After the death of Gerhard II his sons Gerhard IV and his younger half-brother John III the Mild inherited and ruled in Holstein-Plön together. In 1316 the brothers militarily seized the possessions of John II the One-Eyed (d. 1321) in Holstein-Kiel, whose sons had been killed. John III the Mild, before a second-born co-ruling count in Plön, then received Kiel from the deposed John II the One-Eyed, a cousin of his father Gerhard II the Blind. Gerhard IV continued ruling Holstein-Plön as sole count.

After the death of John III's nephew Gerhard V, Count of Holstein-Plön in 1350, who had succeeded Gerhard IV, the Plön line became extinct and John III re-inherited their possessions. In 1390 his son Adolphus IX (aka VII)[1] ruling since 1359 Kiel including Plön, died without issue and thus Nicholas (Claus) of Holstein-Rendsburg and his nephews Albert II and Gerhard VI (jointly ruling till 1397) succeeded to the territories of Holstein-Kiel and Holstein-Plön.

Holstein-Kiel (1290–1390)

The Kiel line was deposed in 1316, but succeeded by a second-born son from Plön.
Image Reign Name
John II the One-Eyed – joint rule with Adolphus V the Pomeranian till 1273, deposed by John III and Gerhard IV


Depriving John II, a cousin of his father, John III the Mild succeeded, waiving his co-rule in Plön, leaving it to his brother Gerhard IV;
inherited Plön in 1350 from his nephew Gerhard V
Adolphus IX (aka VII) the Mild[1]
After Adolphus the Mild´s death Holstein-Kiel (incl. Plön) merged into Holstein-Rendsburg.

Holstein-Plön (1290–1350)

The Plön line was extinct in 1350, but inherited by its former co-ruling count John III.
Seal Reign Name
Gerhard II the Blind
Seals of Gerhard ↑ a. John ↓ 1312–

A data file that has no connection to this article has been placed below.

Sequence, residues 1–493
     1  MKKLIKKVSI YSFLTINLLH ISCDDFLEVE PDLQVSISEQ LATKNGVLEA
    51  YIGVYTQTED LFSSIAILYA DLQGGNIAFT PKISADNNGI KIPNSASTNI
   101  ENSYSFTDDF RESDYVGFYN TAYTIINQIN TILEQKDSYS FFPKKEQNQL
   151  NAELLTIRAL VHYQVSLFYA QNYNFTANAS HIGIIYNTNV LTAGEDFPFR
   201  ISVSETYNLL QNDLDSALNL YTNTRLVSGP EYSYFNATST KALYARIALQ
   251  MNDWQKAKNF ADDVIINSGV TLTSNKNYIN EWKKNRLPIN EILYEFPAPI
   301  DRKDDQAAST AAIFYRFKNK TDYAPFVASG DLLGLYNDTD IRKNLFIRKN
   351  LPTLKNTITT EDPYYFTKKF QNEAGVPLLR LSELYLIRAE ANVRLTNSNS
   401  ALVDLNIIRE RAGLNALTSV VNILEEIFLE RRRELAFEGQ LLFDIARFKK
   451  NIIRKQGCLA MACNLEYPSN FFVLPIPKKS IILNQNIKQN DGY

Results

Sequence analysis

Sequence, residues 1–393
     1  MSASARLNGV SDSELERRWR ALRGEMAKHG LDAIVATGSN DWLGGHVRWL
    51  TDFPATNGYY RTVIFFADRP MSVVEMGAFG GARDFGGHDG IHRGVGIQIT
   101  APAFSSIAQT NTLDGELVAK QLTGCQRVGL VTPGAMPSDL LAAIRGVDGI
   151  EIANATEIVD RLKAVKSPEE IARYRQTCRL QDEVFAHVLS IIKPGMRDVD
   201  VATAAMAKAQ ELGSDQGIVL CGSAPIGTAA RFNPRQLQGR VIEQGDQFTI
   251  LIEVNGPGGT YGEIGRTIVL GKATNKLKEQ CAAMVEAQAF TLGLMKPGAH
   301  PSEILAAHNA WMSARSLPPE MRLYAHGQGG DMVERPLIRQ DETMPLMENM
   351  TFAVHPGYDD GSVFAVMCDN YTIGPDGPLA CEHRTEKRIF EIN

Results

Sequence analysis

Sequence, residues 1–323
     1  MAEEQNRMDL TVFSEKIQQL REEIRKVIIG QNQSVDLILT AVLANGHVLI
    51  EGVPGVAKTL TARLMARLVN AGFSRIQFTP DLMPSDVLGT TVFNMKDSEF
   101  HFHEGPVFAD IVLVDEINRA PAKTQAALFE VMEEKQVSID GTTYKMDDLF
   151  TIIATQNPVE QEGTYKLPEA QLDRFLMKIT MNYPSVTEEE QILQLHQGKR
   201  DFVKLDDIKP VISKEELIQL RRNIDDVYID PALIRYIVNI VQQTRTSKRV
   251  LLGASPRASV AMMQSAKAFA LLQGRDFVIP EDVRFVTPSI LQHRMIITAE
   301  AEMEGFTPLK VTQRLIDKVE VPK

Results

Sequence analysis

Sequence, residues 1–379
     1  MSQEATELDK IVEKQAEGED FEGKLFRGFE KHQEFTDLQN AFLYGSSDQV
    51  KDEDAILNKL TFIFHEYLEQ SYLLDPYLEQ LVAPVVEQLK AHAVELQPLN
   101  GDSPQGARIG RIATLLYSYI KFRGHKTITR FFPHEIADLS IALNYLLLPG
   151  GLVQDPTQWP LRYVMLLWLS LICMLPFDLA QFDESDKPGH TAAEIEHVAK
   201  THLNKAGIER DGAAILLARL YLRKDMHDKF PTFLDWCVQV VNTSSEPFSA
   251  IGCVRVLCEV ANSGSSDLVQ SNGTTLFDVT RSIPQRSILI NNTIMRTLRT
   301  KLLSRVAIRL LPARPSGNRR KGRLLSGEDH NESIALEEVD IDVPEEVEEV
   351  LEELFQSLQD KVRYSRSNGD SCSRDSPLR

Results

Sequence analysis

1323 and

Till 1316 joint rule of the brothers
Gerhard IV and John III the Mild, waiving co-rule in favour of Kiel, depriving John II
Gerhard V, bequeathing Plön to John III in Kiel
John III, succeeding his nephew Gerhard V
John III merged Holstein-Plön into Holstein-Kiel.

Holstein-Rendsburg (1290–1397)

Holstein-Rendsburg was partitioned from Holstein-Itzehoe and Schaumburg in 1290.
Image Reign Name
Henry I
Gerhard III the Great, as Gerhard I also Duke of Schleswig between 1326 and 1330
Seals of Henry ↓ Claus ↑, Gerhard ↓ a. Albert ↑ 1340–

and 1381/84–

Till 1381/84 joint rule of the brothers Henry II the Iron, and Nicholas (Claus), both also Dukes of Schleswig starting from 1375; after Henry's death Nicholas ruled jointly with his nephews Albert II and Gerhard VI. In 1386, Nicholas resigned as Duke of Schleswig and Gerhard VI succeeded as Duke Gerhard II (1386–1404).
Holstein-Rendsburg gained Kiel (incl. Plön) by inheritance in 1390.

Holstein-Pinneberg (1290–1397)

Holstein-Pinneberg, partitioned in 1290, was jointly ruled with Schaumburg.
Image Reign Name

Adolph VI the Elder (1256–1315)


Adolphus VII of Schaumburg and Holstein-Pinneberg

Adolphus VIII the Younger

Otto I

Holstein partition of 1397 and the extinction of the Rendsburg line in 1459

In 1390 the Holstein-Rendsburg line had assembled the larger part of the partitioned Holstein counties, to wit Kiel, Plön and Segeberg, but not Holstein-Pinneberg, which existed until 1640. Members of the Rendsburg family branch were often also simply titled as Counts of Holstein after 1390. For the Pinneberg family branch, usually residing in the County of Schaumburg, the titling after Schaumburg started to prevail.

In 1397 after the death of their uncle Nicholas (Claus), with whom the nephews Albert II and the elder Gerhard VI had jointly ruled Holstein-Rendsburg, they partitioned Holstein-Segeberg (aka county of Stormarn) from Holstein-Rendsburg, with Albert receiving the new branch county in return for waiving his co-rule in Rendsburg. After Albert's death in 1403 Segeberg reverted to Rendsberg. In 1459, with the death of Adolphus XI (aka VIII),[1] the Rendsburg branch was extinct in the male line and the nobility of Holstein-Rendburg and of Schleswig then assigned the succession to his sister's son King Christian I of Denmark, House of Oldenburg.